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WV House rejects budget: New session starts with much waiting


The Intelligencer and Wheeling News-Register

WHEELING, W.Va. — After a long day of sitting and waiting for legislation to be presented, West Virginia House of Delegates members Thursday quickly rejected a measure to raise the state’s sales tax while decreasing income tax rates — a key component of a plan to achieve a state budget for 2018.

State lawmakers convened in Charleston Thursday morning for the first day of a special session called by Gov. Jim Justice for the purpose of setting a general revenue fund budget for next year. But they spent much of the day sitting idly at the State Capitol, awaiting the “revenue bundling” measure still being crafted by Justice and Senate leadership.

House leadership was not involved in any of the budget-related bills prepared for the special session.

The House received the legislation after 4 p.m. Thursday, and a move was quickly made to bypass the required three readings of the revenue measure and immediately reject it on its first reading.

The motion to reject passed by a 59-36 vote, along party lines.

Among those voting to reject the revenue bill were Delegates Patrick McGeehan and Mark Zatezalo, both R-Hancock; and Erikka Storch, R-Ohio. William “Roger”Romine, R-Tyler, was one of five delegates not voting on the motion.

Delegate Erikka Storch, R-Ohio

Voting against the motion to reject the bill were Delegates Joe Canestraro and Mike Ferro, both D-Marshall; Phil Diserio, D-Brooke; Shawn Fluharty, D-Ohio; and David Pethtel, D-Wetzel.

The revenue bill shot down contained a 1-cent-per-dollar increase in the state sales tax, while also reducing overall income tax collections in the state by about 20 percent.

Among its other provisions were a plan to institute a graduated system of assessing coal and gas severance taxes, and placing a sales tax on telecommunication services.

Three other bills also were introduced during the special session, and these were assigned to the House Finance Committee. The bills address road funding, tolls for the West Virginia Turnpike, and a 2-percent raise for teachers.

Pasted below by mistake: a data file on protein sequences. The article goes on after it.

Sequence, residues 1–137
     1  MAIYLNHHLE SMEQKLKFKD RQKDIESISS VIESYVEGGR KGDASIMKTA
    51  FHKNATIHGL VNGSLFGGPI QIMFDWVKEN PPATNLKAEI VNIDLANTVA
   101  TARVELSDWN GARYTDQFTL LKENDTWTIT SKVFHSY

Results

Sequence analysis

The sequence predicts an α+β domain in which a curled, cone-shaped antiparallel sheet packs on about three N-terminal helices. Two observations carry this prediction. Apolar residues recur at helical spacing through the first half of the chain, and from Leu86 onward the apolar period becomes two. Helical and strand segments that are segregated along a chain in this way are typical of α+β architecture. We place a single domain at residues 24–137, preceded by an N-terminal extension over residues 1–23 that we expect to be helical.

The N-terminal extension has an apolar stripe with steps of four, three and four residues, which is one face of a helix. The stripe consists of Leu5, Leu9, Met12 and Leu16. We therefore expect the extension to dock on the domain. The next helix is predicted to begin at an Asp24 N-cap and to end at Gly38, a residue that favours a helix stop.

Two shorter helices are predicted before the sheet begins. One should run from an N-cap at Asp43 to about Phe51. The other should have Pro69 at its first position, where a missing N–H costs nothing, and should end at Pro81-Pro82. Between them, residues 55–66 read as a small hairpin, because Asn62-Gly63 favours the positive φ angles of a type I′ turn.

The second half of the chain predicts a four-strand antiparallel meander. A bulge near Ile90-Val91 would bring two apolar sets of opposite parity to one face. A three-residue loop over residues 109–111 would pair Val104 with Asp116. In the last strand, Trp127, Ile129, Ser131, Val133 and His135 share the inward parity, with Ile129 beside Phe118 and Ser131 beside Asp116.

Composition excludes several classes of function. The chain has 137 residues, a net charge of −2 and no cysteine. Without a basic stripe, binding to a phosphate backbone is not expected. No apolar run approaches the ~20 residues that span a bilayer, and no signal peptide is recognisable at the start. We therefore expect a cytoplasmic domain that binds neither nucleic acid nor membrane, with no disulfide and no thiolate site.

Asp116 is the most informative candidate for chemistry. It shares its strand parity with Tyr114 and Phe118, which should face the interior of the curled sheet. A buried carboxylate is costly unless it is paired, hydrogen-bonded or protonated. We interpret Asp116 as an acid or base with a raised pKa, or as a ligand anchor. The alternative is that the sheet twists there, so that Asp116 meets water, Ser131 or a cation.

After the House session, Speaker Tim Armstead, R-Kanawha, said Justice had made a “premature” and “irresponsible” decision to call the special session. He criticized Justice for not consulting with House leadership on the crafting of the bills, but called for a needed compromise.

“I think it is time for us to take a break, get House and Senate leadership and the governor in a room and listen to each other,” Armstead said.

“Then maybe we can find the middle ground. … I think we can do better, and we will do better.”

The House is set to reconvene at 11 a.m. today, although members aren’t certain what will transpire.

“We will have to see what the Senate is going to do,” Fluharty said. “House leadership has showed they won’t go to the table, and that the revenue stream bill is dead in the House. Leadership has shown no interest in compromising whatsoever. The Senate and the governor have worked together on a bill they thought was a compromise, and now House leadership are being obstructionists. …

“The bill presented was the best compromise we could reach this time, but we didn’t have a chance to discuss it,” Fluharty continued. “It didn’t get to go through the process and have a fair shot. This flies in the face of democracy, what taxpayers expect out of legislators — especially leadership.”

McGeehan said he typically prefers discussion on legislative manners, but was “indifferent” in this case.

“Hopefully, cooler heads will prevail, and we will have a budget soon without extracting more money from taxpayers,” he said.

“Our population is declining, and it seems immoral to continue to place more taxation on our residents. At some point, the growth of bureaucracies has to stop. If it doesn’t, I just feel our children will have fewer chances for a brighter future.”

Storch said she voted against the measure because her constituents told her they opposed increases in the state sales tax, which would likely affect border counties.

“I have no clue on what is going to happen — this is foreign territory to me,” she said. “Hopefully, the governor’s office and leadership can come together and have productive conversations.”

Senate Majority Leader Ryan Ferns, R-Ohio, said he also doesn’t know what direction budget discussions will take.

“This doesn’t leave us with many options,” he said of the House’s action Thursday.

“The revenue bill was a key component for our budget. The House rejected it, so there is no sense in our attempting to pass it. The only option I see now is for us to return home and come up with another plan both the Senate and the House can agree to.”

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